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Doting Black-owned bakery in Dallas' Oak Cliff is closing its doors

Doting Black-owned bakery in Dallas' Oak Cliff is closing its doors

Yummy cookies. Photo courtesy of Kookie Haven

A beloved bakery in Oak Cliff is closing its doors: Kookie Haven, a family-owned sweet shop at 337 W. Jefferson Blvd. from sisters Shinita Briggs, Darla McCuen and Kim Haynes, is closing its doors.

Briggs and McCuen confirmed the closure, stating that their final day would be July 9.

"Kookie Haven is permanently closing and it's with sadness, but we wanted everyone to come out this weekend to say goodbye," the sisters said.

They hinted that the issue was financial, saying that "maybe a quick miracle can change things," but then confirmed the closure was permanent.

"After COVID, not everyone realized we were back open full time," they said. "But also, inflation has gotten so extremely high that it was harder to stay in business. Prices have risen on every single ingredient we purchase. Vanilla used to be $14 or $15 a bottle — now it's $47. We had to raise our prices, and people don't understand why. We tried to keep the increases down, but we just aren't able to do it anymore."

The bakery is known for its cookies, brownies, cheesecakes, pound cakes, decorated cookies, cookie cakes, bundt cakes, and Haynes' fancy decorated cakes. Signatures include their German chocolate cupcakes and their "stuffers," a decadent treat featuring a cupcake baked inside a cookie.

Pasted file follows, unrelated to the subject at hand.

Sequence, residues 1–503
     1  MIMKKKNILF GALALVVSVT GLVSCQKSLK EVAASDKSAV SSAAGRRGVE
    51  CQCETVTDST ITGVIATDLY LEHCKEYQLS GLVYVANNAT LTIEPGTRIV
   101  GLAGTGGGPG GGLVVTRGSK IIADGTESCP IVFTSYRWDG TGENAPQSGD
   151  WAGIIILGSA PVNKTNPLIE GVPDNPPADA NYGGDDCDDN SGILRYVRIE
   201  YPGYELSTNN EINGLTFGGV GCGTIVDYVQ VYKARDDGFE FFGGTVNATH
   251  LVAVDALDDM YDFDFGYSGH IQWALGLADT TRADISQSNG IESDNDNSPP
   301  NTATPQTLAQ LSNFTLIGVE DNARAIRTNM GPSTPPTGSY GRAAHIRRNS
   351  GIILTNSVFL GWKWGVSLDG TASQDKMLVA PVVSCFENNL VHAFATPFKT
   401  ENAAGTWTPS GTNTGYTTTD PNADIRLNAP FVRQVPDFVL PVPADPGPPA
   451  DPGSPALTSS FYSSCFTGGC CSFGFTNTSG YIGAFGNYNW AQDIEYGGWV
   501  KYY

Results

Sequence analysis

They were among the few local bakeries that did vegan cakes, and also offered a create-your-own option where customers can choose from a selection of in-house products to create their own customized cookie flavor.

They innovated often, introducing items such as cookie dough in 2019 at the height of the cookie dough craze; as well as a clever cake batter that you could take home and bake into your own cake.

Named for their mom Kookie, an accomplished baker who inspired them to begin baking when they were young, the bakery was first founded in 2002, when the sisters opened a storefront in DeSoto. They closed in 2006.

In 2014, they revived it as a home-based bakery under the Texas Cottage Law, then opened a storefront in Mesquite in 2015, where they developed a devout following.

They relocated to Oak Cliff in 2018, in a cool urban space with cement floors and chalkboard paint on the walls, which were lined with flowery designs.

The closure news was met with disappointment, with some customers urging them to "come back to Mesquite!" "What are we going to do for great desserts? tried other and no one compares," said another fan.

Beyond their sweet goods, the shop was also known for its sweet and doting customer service, and they emphasized that in their goodbye.

"Customer service is so important," they said. "Customers need to know that you value them and appreciate them."